A RETIRED Scottish GP is ­offering to help patients take their own lives if assisted suicide is legalised in Scotland.

Dr Bob Scott, who worked as a family doctor in Inverness, Dunbartonshire and Drumchapel, said he was willing to perform the role of a "facilitator", collecting the fatal prescription and overseeing a patient's final hours.

He and trained nurse Jennifer Buchan both spoke about their willingness to perform the role as part of the official launch of MSP Margo MacDonald's bill to allow the practice in Scotland.

Under Ms MacDonald's proposals, trained and licensed facilitators would help patients take the steps necessary to comply with the law and fulfil their wish to die.

Dr Scott, who performs funerals as a celebrant for the Humanist Society Scotland (HSS), said his experience as a GP had informed his view in favour of assisted dying. He said: "There were people who would far rather have died sooner than they ultimately did.

"I recollect a particular instance where a lovely family approached me and asked if there was something that could be done to shorten the life of their father who was dying slowly. These rare cases do lie in the memory and do confront doctors with tough decisions."

Dr Scott said he had never intervened as a doctor to help someone die and it was rare for patients, confronted by terminal illness and disability, to want to end their lives.

He said he had thought carefully about performing the facilitator's role and was sure it would be emotionally difficult, but he also wanted to help the patients concerned.

Around 23 of the 130-plus humanist celebrants in Scotland are interested in providing the service, according to Dr Scott. He stressed careful training and psychological assessment would be essential for anyone considering the facilitator role.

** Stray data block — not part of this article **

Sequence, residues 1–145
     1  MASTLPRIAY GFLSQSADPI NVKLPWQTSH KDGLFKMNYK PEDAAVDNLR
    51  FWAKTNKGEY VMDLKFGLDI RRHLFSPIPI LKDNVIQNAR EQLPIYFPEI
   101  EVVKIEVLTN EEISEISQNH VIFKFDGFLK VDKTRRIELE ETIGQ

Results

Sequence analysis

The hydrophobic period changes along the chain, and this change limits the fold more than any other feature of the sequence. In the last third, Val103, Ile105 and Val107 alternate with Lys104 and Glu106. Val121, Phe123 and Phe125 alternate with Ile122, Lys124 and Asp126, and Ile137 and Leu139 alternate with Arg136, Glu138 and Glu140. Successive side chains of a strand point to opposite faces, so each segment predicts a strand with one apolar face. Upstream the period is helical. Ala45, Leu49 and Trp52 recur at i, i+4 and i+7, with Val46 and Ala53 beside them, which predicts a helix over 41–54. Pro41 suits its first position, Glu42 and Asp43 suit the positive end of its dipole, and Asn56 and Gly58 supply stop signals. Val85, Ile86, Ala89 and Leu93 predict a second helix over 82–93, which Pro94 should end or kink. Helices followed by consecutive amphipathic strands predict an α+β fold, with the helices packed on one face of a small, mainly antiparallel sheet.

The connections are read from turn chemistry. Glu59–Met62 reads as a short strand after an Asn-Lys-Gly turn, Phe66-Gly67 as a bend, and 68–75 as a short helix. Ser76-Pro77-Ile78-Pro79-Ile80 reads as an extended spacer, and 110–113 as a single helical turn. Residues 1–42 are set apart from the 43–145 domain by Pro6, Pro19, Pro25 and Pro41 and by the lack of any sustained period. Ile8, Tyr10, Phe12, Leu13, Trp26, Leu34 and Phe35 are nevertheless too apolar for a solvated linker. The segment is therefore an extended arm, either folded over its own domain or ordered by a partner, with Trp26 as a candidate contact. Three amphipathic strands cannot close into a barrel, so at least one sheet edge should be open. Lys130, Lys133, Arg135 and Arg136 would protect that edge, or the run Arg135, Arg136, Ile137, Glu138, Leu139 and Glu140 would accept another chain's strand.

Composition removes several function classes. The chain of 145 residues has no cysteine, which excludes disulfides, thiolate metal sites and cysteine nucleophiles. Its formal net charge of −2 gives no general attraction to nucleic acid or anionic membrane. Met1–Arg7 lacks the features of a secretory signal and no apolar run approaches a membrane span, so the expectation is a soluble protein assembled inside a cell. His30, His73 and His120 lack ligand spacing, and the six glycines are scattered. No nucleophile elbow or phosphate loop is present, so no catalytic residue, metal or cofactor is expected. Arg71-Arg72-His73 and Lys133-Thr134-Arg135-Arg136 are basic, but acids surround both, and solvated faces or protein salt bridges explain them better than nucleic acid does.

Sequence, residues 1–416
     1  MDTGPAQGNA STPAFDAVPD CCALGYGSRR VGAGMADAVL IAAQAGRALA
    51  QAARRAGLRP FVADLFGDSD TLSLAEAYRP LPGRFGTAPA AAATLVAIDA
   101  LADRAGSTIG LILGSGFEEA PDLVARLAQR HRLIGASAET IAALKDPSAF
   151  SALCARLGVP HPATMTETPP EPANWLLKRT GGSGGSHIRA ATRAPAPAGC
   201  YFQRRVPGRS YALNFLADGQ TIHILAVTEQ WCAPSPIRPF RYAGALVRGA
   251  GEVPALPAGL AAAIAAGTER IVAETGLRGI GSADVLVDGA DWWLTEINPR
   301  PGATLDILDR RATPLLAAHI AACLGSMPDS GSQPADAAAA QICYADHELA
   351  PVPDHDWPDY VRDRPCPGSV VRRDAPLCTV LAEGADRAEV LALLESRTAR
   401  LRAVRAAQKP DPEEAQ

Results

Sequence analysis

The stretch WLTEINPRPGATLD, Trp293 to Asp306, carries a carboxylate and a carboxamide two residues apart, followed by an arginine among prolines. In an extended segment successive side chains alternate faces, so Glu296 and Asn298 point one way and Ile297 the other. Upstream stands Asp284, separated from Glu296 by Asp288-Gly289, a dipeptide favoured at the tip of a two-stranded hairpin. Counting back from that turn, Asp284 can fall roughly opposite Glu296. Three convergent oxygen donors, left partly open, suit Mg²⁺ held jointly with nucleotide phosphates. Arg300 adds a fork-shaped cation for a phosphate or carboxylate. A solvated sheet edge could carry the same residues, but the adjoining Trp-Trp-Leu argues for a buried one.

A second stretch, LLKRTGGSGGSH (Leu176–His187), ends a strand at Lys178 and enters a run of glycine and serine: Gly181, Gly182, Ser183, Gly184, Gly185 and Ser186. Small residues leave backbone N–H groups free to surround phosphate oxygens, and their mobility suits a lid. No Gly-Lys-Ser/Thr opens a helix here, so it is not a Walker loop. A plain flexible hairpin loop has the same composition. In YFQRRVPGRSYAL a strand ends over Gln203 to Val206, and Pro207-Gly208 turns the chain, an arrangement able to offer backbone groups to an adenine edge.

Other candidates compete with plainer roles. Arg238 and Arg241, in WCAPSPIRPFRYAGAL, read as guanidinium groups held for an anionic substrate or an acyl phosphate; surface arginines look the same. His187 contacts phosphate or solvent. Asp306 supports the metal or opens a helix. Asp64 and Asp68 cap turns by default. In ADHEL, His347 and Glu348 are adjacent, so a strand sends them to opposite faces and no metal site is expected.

Mrs Buchan, from Renfrewshire, said the time she spent as a nurse in Scotland had left her ­feeling patients should have the option of assisted suicide. "I did nurse some people who had very life-limiting conditions and the conversations I had with them were so sad because they knew what was coming and they had no choice and they were trapped."

She has discussed her willingness to become a facilitator, should Ms MacDonald's bill pass, with her husband, himself a doctor, and her two children aged 17 and 10.

"We have talked about it in a rational and reasonable manner," she said. "It is reasonable for people to choose not to live through intolerable pain or unbearable discomfort."

Mrs Buchan is also a celebrant with HSS who conducts funerals. "My family are very well aware of end-of-life situations," she said.

Dr Scott said as a doctor he was familiar with death, but recognised for other people it was frightening. He said: "There is less death about in general society than was once the case.

"Our grandparents were more accustomed to people just along the street dying at home. Sure it happens still, but much less often. People who are dying tend to be shut away in hospitals or hospices, and death at home is not as common as it was once."

He and Mrs Buchan are due to speak at the launch of Ms MacDonald's bill at the MacDonald Holyrood Hotel in Edinburgh today. Sylvan Luley, from the Dignitas clinic in Switzerland, to where foreigners can travel for an assisted death, was also expected to attend.

Ms MacDonald, an independent Lothians MSP, has brought a bill legalising assisted suicide to the Scottish Parliament before. It was defeated at the end of 2010. Among the major changes in the revised right-to-die paper is the dropping of the physician-assisted element which was key to the previous bill. Instead, an individual must be capable of self-administering a fatal dose of medication in the presence of a licensed facilitator.